Ah-Choo! Men suffer more from colds and flu than women

Long-suffering men around the world have been the victim of jokes about “man flu” and their inferior ability to soldier on through the sniffles compared with women. But according to European scientists, it might be true that men suffer more from colds and flu. Dr Beatrix Grubeck-Loebenstein, an immunologist at the University of Innsbruck in Austria, has been researching gender immune differences for a long time.
Her findings give solace to men who feel that women don’t take their superior suffering seriously. “Grossly simplified, it can be said that men, due to the differences in the immune response, can become ill more often than women,” says Grubeck-Loebenstein.
As she explains it, pathogens that invade the body are attacked by immune cells that can be specific or non-specific. The former are effective only against particular pathogens — a flu virus, say — and enable the body to defend itself against a wide variety of viruses, bacteria and parasites.
However, there are relatively few of each type of specific immune cell. To destroy an invading pathogen, it must multiply a million fold. This is where gender differences come in: While the female hormone oestrogen aids in the multiplication of specific immune cells, the male hormone testosterone does the opposite.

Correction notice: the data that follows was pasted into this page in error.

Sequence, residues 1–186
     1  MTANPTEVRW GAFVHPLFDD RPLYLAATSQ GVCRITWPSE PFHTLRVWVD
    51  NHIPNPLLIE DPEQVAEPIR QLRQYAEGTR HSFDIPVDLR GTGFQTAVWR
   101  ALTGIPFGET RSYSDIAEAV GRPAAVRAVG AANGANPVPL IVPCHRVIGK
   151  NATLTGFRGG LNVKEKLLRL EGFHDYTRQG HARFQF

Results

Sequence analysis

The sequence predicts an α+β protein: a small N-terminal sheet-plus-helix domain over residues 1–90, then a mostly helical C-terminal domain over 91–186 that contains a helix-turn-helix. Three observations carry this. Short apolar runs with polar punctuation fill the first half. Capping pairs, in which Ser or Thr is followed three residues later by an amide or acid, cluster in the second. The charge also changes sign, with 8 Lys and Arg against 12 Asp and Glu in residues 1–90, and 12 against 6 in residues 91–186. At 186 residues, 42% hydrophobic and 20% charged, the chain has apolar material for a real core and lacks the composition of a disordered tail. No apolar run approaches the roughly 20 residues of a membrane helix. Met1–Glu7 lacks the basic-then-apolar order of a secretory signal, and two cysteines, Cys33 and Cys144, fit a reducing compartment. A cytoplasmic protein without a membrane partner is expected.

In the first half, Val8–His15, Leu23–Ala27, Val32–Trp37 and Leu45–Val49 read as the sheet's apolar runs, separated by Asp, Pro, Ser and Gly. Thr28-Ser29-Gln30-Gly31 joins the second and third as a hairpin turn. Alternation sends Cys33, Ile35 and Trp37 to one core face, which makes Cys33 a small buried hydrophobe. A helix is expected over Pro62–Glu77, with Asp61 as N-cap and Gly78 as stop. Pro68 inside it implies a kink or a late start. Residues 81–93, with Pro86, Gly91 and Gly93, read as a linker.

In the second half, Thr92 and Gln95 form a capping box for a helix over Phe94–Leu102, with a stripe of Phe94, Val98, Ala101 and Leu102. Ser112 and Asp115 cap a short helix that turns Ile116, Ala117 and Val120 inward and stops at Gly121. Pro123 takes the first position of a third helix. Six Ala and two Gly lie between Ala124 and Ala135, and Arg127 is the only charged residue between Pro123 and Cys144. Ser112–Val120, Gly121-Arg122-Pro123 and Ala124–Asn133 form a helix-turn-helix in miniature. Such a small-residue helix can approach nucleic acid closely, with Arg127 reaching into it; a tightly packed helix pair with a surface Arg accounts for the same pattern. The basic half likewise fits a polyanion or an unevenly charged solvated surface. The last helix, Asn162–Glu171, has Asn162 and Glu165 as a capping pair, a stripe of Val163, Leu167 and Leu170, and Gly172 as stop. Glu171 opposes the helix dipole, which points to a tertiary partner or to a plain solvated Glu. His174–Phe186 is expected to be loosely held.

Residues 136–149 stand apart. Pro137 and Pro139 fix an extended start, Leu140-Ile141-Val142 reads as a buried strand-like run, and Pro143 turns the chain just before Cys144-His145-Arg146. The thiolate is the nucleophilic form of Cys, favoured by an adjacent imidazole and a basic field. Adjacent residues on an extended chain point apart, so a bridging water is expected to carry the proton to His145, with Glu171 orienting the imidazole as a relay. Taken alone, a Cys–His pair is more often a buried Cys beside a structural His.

“Oestrogen stimulates the immune system. Testosterone, on the other hand, suppresses it,” says Dr Marcus Altfeld, head of the virus immunology research unit at the Heinrich Pette Institute in Hamburg, which investigates the biology of human pathogenic viruses.
“Women’s immune systems therefore react faster and more aggressively to pathogens than men’s.”
What’s more, the higher a man’s testosterone levels are, the weaker his immune system is. So “real men” have it rougher.
Researchers are unsure of the reasons for the gender differences. Since the human immune system has developed over millions of years, Altfeld notes, we need to look far into the past for a possible explanation.
“Our Stone Age ancestors lived in caves and were exposed to dangers. The purpose of the female immune system then, as now, was especially to protect the unborn or newborn child,” he says.
Grubeck-Loebenstein, too, links women’s immune response with childbearing: “The effect of the oestrogen-strengthened immune system is especially pronounced in young women after puberty and becomes weaker in women after the menopause.”
Men’s greater susceptibility to many illnesses isn’t solely due to their testosterone-weakened immune system, though, she says. “Other factors — behavioural and environmental — play a role as well. Men still take more risks, have unhealthier diets and are less disciplined about vaccinations.”
— dpa